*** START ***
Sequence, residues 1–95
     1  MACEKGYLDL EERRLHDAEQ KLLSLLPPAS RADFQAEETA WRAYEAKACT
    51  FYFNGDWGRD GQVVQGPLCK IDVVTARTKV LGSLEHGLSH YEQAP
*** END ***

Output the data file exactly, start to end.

Sequence, residues 1–95
     1  MACEKGYLDL EERRLHDAEQ KLLSLLPPAS RADFQAEETA WRAYEAKACT
    51  FYFNGDWGRD GQVVQGPLCK IDVVTARTKV LGSLEHGLSH YEQAP